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There was a grim atmosphere in the village. Rosalin was in parents’ house. She stood silently starting out of the window overlooking the small river. This river where she spent most of her time with her friends, swimming and lazing in the flowing water. Her mother walked up and gently placed her arm around her should in warm assurance. Rosalin found this strange. Her mother never appeared so pleasant. She looked at her. There was tenderness in her mother’s eyes. Her mother didn’t have to be told that her daughter was in pain. She felt sorry for her darling Rosa. Her mother realized that her daughter had changed since her marriage to Antonio and with the death of her good friend Kayani, things had got worse. Her young and ever mischievous daughter had now matured into a sober woman.
Her father sat at the table silently. Her cousins too sat huddled on the floor in the corner of the room. They too could feel the unknown pain their cousin was undergoing.
Rosalin continued to stare at her mother. Her ever nagging mother was too silent today. It was as if she sensed her mood. She could see her mother’s eyes were moist and it disturbed her. She didn’t want to spoil her family’s mood. She smiled at her mother and hugged her gently as if assuring her that things are alright. They gently held on to each other and then the tears flowed slowly as they sobbed with a heavy heart.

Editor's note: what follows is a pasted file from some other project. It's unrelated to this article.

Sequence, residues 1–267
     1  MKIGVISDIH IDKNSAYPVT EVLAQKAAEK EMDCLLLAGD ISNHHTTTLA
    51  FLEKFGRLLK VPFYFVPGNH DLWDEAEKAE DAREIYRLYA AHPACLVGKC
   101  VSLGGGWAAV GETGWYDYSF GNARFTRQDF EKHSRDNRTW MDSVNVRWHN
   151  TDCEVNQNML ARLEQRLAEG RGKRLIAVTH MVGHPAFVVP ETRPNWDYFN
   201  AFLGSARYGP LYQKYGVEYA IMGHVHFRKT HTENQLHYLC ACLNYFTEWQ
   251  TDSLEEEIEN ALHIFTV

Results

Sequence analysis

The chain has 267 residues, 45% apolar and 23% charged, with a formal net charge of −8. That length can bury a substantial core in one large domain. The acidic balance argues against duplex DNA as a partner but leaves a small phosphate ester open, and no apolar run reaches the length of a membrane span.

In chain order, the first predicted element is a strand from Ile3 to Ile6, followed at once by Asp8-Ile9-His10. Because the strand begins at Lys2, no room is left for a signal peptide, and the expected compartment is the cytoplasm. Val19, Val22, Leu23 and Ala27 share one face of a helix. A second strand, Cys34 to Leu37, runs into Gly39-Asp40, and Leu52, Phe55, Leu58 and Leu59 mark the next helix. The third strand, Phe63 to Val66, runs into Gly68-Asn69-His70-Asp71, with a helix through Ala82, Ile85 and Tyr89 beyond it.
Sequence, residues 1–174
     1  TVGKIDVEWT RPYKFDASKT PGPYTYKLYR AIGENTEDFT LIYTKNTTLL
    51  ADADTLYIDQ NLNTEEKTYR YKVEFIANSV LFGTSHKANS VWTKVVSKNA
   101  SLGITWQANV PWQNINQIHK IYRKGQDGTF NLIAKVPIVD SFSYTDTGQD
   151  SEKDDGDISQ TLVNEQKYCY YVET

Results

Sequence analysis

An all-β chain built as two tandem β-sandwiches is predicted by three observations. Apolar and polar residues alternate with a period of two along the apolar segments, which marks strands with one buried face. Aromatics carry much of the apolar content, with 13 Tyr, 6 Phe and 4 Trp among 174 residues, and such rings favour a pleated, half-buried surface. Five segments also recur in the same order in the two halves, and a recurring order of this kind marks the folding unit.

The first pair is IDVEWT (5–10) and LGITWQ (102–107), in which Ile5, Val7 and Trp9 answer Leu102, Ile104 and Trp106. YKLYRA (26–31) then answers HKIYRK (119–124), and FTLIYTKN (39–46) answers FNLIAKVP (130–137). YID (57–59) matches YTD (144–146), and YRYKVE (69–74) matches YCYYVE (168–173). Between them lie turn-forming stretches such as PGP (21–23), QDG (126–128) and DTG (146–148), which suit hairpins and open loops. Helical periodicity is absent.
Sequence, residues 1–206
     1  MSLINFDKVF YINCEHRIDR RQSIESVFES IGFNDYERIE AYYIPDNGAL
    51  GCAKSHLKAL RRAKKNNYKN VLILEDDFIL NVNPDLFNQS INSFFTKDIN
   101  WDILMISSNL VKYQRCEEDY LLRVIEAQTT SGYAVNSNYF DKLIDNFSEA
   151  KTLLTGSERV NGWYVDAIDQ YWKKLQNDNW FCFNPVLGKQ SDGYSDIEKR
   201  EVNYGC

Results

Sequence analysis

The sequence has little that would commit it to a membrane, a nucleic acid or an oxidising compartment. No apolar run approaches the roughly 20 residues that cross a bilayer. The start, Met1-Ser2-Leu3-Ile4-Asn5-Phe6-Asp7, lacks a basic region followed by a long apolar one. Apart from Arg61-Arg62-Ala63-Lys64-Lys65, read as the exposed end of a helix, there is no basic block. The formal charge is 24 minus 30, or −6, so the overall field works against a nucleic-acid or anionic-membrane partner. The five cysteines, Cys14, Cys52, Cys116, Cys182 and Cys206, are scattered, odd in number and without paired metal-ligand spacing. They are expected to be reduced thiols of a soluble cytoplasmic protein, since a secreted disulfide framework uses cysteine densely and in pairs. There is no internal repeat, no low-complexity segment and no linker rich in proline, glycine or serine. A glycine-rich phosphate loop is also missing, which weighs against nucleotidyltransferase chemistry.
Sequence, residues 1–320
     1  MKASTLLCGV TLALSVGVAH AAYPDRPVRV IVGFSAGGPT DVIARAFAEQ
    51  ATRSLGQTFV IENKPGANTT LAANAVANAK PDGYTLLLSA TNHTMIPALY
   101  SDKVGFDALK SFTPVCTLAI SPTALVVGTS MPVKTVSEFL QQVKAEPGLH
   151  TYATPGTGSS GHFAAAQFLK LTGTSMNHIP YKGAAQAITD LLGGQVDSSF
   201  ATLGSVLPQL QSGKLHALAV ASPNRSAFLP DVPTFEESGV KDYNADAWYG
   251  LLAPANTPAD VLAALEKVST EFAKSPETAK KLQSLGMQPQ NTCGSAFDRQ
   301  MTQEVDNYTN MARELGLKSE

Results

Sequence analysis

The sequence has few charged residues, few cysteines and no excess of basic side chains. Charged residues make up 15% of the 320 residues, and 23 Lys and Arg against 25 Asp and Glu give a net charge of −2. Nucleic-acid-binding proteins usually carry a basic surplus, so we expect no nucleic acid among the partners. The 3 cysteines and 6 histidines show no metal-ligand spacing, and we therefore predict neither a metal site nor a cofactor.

A sudden commotion outside broke the trance. They looked towards the door as her father rushed towards it. Outside they could see that a horde of villagers had gathered outside in the courtyard. The villager elder folded his hand in salutation as he climbed the steps to meet her father at the door.
‘Pascal, I and all the villagers have come to offer our thanks. We sincerely appreciate the fact that our daughter Rosa was instrumental in getting our people released.’ The village elder looked at the small crowd and then peeped in the house to look at Rosalin, his face beaming a big smile.
Pascal looked around slowly. He nodded his head. ‘Rosa is the daughter of this village. You are all her family. She did what was right.’
Rosalin had walked up behind him and as she stepped aside, the crowd saw her. Before long, chants of ‘Hail Rosa, long live Rosa’ filled the air.
Her mother and cousins too had walked up. They all stared out at the crowd as the family wrapped their arms around each other in support of Rosalin. They were happy for her. She had done something good for the villagers and it felt nice to be appreciated.
Her mother looked at her daughter’s face. There was no expression whatsoever on Rosalin’s face as she stared solemnly at the rejoicing crowd.